James Bulger: The difficult pupils schools cannot afford

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SHOULD schools have done more for Robert Thompson and Jon Venables - both persistent truants, one of them described as barely literate, the other as hyperactive and disruptive? The straight answer is that schools are preoccupied with the national curriculum and with exam league tables, where results are vital if they are to show up well in a competitive market. Exceptionally disruptive and difficult children can be an expensive distraction from the main objectives that the Government has set.

Severe cutbacks in all budgets, and new legislation in the education, health and medical services mean that the last vestiges of any coherent or consistent policy of support for disruptive or disturbed children are close to collapse. Schools now have responsibility for their own budgets. Few feel that they can afford to buy in special help for difficult children. The alternative is to follow the official procedure whereby the child is referred to an educational psychologist so that a statement of special educational need can be prepared. Statements detail not only the child's special needs but also what help the local authority should provide to meet them.

But Brian Harrison-Jennings, general secretary of the Association of Educational Psychologists, says that the psychologists now have an intolerable workload. Referrals are up by 40 per cent over the past three years. Once the child is referred, the law requires that he or she is assessed within six months. So psychologists are forced to make hurried and dubious assessments. They may also be called in when a school wants to exclude a child for disruptive behaviour. Exclusions, too, are rising. The result is that there is precious little time for educational psychologists to offer individual help to boys who, like Jon Venables, reach the early stages of referral but are then moved to another school.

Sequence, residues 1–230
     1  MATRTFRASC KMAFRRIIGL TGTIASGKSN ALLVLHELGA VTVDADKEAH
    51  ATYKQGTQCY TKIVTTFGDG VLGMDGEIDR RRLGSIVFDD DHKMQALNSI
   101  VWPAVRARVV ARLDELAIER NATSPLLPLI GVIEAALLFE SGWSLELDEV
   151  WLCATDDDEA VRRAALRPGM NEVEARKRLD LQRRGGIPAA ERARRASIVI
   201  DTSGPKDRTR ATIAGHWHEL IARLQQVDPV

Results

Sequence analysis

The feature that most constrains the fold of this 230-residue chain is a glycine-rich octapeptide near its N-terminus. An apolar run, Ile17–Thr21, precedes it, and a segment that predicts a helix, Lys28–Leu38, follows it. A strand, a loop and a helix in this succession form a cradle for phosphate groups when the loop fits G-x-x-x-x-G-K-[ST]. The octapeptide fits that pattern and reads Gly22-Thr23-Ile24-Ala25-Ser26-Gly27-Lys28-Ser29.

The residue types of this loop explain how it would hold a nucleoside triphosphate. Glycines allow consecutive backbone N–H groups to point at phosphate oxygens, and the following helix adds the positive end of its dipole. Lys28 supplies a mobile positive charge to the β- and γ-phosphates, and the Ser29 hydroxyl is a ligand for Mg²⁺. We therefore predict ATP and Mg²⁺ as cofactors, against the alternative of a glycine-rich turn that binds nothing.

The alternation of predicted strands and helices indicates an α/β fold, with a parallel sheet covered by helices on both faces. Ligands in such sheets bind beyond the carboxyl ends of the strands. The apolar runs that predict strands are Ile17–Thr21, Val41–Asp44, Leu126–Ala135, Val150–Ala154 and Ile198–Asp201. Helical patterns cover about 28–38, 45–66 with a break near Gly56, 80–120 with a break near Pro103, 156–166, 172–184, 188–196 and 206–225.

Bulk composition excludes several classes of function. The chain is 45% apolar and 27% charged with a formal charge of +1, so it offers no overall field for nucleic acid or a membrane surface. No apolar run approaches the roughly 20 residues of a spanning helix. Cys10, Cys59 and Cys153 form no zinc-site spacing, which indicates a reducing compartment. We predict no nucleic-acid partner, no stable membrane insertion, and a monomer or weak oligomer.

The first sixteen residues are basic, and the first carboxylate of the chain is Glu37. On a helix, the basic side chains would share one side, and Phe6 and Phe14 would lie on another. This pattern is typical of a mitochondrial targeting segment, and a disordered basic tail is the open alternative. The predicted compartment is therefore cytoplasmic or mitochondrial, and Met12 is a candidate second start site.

Liverpool is considered comparatively well-resourced for providing schools with special help. Nevertheless, a typical educational psychologist will have to cover two or three secondary schools and 10 primaries - about 7,000 children. The city also has 60 welfare officers - sometimes called educational social workers - for its 213 schools. But their prime function is to check on attendance. They may also give support and counselling but, when unemployment is high, most of their spare time is taken up arranging free uniform vouchers.

What of child guidance clinics? These used to be part of an all-embracing service under the local education department. Now, they come under the health authority. Some have disappeared; some have changed their names. Parents can still refer their children direct to the clinics or go through their GP. But those GPs who have responsibility for their own funds under the Government's health service reforms are reluctant to refer children because the practice would have to pay. Mr Harrison-Jennings said that he used to fight to persuade GPs to co-operate. Now they pass children back to the psychology service because that, at least, is still free.

The provision of child guidance is variable around the country. Frequently, schools have no idea what is available. That is perhaps as well. The clinics are already overstretched; without this crude form of rationing, they would be overwhelmed. 'Getting child guidance is the luck of the draw,' said one Newcastle primary school head.

Children who show severe psychiatric problems are referred - either by the education or health services - to clinical psychologists or psychiatrists. 'Their situation is absolutely dire,' says Dr Danya Glasser, a child psychiatry consultant at Guy's Hospital. 'Up to 85 per cent of our referrals are in bad trouble at school, and at least 70 per cent are significantly under-achieving.' The hospital waiting lists are at least three months, with less urgent cases pushed again and again to the bottom of the pile.

Both Robert Thompson and Jon Venables had been doing so badly at school that they were kept down a year. Yet still they missed school persistently without anybody taking action. 'What the hell is happening?' asked one child psychiatrist. 'It isn't truancy; it's school nonattendance.' Only now will the two boys get the kind of intense counselling and one-to-one tuition that might have helped them earlier.

A social worker who has helped disturbed children for more than 20 years paints a bleak picture. 'It's reaching the stage where no one wants to teach these kids or get involved with them because their problems are so profound that the chance of chalking up success is virtually nil.'